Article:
Fortunes improve in most government services, wither in a few others. An annual report tracks which trends need more attention.
The frequency of violent crime has fallen. Story time visits to libraries have soared. Park visits continue to climb as mortgage foreclosures continue to plummet.
That’s the latest news in Washington County, where an annual snapshot determines trends in health, public safety and other categories and measures how county government has responded.
“It’s important that we make good solid decisions based on the information we receive,” said Fran Miron, one of five members of the County Board who recently reviewed the 2013 report.
Some of the indicators suggest opportunities for reduced spending, others flag potentially greater expense. Commissioners and county administrators will weigh the findings as they decide next year’s budget.
Some specific trends noted in the report:
• The number of low birth weights, an indicator of a newborn’s health, declined sharply in the county since 2010. The county attributes the decline to ongoing work by public health nurses to find at-risk pregnant women and offer voluntary home visits.
• Immunizations for children in Washington County have been consistently lower than the state average since 2009, and the county is trying to find out why. A study will determine if some residents can’t take advantage of services, or whether the county has a higher number of “conscientious objectors” to vaccines.
• In a measurement of whether children remain free from danger — “absence of repeat maltreatment” — the county exceeds Minnesota and national standards. “Protecting the safety of minor children is a major responsibility and is taken very seriously,” the report said.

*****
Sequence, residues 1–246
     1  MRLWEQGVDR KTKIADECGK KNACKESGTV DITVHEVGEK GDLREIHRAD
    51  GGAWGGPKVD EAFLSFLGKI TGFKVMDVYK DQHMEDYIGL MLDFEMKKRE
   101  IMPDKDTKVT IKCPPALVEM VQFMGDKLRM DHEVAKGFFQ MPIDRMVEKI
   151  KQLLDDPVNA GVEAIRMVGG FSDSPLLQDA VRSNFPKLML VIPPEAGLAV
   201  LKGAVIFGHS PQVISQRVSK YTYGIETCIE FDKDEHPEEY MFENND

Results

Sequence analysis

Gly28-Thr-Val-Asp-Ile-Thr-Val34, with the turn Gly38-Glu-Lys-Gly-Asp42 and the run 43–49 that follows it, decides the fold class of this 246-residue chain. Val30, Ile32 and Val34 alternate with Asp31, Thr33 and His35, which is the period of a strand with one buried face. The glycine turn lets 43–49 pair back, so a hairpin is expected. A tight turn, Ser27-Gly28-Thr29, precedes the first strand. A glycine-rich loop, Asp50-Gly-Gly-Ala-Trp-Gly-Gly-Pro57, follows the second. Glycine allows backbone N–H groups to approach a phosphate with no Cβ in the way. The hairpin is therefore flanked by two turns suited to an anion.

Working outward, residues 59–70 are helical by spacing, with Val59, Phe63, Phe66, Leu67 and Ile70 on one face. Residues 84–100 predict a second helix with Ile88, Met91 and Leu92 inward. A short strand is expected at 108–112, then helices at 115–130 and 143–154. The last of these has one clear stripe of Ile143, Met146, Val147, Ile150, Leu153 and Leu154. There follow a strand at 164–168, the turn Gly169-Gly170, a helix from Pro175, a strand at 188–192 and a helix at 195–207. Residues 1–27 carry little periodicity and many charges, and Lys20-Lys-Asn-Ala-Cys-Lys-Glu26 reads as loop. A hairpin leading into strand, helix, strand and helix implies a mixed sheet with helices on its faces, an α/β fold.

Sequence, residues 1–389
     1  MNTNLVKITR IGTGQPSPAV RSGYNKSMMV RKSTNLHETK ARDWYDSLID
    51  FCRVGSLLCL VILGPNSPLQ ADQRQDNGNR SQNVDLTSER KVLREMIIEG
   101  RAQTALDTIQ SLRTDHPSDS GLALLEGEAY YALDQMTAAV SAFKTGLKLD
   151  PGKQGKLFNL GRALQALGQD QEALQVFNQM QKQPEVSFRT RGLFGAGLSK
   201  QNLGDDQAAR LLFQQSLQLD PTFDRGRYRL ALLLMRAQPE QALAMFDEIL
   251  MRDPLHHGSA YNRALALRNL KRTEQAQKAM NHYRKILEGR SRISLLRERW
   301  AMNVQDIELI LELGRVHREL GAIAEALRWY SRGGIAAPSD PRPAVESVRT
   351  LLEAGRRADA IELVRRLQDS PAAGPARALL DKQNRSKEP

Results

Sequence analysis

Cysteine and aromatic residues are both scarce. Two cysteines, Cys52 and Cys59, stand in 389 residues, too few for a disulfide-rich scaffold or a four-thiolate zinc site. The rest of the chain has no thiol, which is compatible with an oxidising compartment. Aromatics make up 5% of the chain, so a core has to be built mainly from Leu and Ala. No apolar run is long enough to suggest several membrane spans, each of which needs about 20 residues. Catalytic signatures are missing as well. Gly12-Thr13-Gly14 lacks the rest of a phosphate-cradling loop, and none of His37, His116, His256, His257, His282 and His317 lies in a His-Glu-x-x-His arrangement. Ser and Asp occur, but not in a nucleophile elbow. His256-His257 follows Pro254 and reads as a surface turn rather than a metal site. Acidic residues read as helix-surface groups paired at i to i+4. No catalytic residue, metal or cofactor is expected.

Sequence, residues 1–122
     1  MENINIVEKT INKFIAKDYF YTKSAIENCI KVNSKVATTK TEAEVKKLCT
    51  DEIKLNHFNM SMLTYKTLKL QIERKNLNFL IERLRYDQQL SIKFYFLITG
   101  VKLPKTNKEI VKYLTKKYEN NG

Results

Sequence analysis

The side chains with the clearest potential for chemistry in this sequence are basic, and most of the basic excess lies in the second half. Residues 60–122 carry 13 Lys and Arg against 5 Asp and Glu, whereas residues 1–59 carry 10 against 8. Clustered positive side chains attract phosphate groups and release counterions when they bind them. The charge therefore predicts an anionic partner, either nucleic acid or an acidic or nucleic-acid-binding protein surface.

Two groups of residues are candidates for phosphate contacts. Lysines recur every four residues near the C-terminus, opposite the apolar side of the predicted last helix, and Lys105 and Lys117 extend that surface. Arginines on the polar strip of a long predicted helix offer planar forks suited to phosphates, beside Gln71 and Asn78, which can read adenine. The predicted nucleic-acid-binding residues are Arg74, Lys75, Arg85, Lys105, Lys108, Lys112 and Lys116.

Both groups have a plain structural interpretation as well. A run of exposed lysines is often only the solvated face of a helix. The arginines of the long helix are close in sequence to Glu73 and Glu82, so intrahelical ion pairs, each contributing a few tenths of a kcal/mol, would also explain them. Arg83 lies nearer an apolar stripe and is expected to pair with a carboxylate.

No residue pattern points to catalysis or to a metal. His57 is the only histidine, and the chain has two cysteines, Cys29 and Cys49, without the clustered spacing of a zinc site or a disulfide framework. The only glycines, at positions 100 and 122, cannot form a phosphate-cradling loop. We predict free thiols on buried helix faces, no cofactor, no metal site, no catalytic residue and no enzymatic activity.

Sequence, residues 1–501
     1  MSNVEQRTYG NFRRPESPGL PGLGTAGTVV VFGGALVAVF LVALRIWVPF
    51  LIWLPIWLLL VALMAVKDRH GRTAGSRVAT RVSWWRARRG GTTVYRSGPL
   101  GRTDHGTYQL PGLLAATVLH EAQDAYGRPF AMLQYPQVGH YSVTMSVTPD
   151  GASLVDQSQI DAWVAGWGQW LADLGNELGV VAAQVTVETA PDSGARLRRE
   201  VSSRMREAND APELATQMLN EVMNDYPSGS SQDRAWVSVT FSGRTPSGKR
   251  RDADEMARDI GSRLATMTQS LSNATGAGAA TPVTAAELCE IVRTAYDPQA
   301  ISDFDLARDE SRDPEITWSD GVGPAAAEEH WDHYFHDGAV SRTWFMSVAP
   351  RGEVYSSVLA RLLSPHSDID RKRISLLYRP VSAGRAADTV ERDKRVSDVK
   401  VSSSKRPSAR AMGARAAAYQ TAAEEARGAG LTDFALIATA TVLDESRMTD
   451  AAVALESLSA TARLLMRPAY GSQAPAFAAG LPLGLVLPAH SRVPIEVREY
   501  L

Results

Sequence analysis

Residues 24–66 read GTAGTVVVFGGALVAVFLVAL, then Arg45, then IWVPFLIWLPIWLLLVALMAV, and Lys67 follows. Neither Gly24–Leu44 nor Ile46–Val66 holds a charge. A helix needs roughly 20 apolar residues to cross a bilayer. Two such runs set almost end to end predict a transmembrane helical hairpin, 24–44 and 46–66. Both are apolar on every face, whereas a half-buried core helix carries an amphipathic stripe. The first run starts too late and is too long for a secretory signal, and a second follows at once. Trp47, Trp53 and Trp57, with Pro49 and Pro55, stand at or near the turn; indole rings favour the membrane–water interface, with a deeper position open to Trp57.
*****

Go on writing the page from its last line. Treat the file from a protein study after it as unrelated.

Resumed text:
• The most violent crimes in Washington County, such as homicides, sexual assaults and robbery, decreased by 5 percent in 2013. Lesser crimes such as forgery, embezzlement and prostitution fell by 14 percent. The Sheriff’s Office attributed the decline to increased cooperation among law enforcement agencies, diligent citizen watch groups, crime prevention efforts and an improved economy.
• Annual median household income has returned to pre-recession levels, rebounding from a five-year decline. Washington County, with a median household income of $80,246, continues to rank third in wealth among metro counties behind Scott and Carver counties. “It illustrates the speed of economic recovery for Washington County,” the report said.
• Visits to county parks continue to soar. An estimated 1.5 million people visited parks in 2012, when most recent records were available, compared with 992,800 visitors in 2007.
• Unemployment fell for the fourth year in a row to 4.6 percent last year. In a related trend, county food support cases continued a six-year climb. That’s because many people who qualified for food support during the recession later found work, but because of low salaries in their new jobs they continue to qualify for county assistance, the report said.
• Sales prices of houses have rebounded, too, although not to pre-recession levels. Washington County prices still substantially exceed median metrowide sales prices. Mortgage foreclosures, meanwhile, have plunged 47 percent since 2010. “The foreclosure crisis may finally be past,” the report said.
• Residents have hit a plateau in recycling of paper, plastic and other materials, with participation remaining about the same since 2010. However, last year residents brought 1.6 million pounds of electronics to the county’s recycling center in Woodbury. The electronics portion of the program began in 2008.
• Library visits fell, but not from a lack of interest in reading. Digital borrowing continued to increase, but recovery from the recession played a role in this trend, too. “Historically, library use increases during periods of economic downturns and decreases during periods of economic recovery,” the report said.
• In a related trend, attendance at story times and other children’s programs soared at county libraries. Story time popularity has grown by 47 percent since 2006.
• The County Attorney’s office continued its pattern of quicker decisions on charging criminal offenses. The average, at seven days, compared with 26 days in 2009.
• Permits granted to carry firearms jumped to nearly 3,500 in Washington County in 2013, about seven times greater than in 2007. “A variety of factors could be causing the increase, including personal safety, school and workplace shootings, and the possibility of national and state gun law reform making it more difficult to purchase and carry a firearm,” the report said.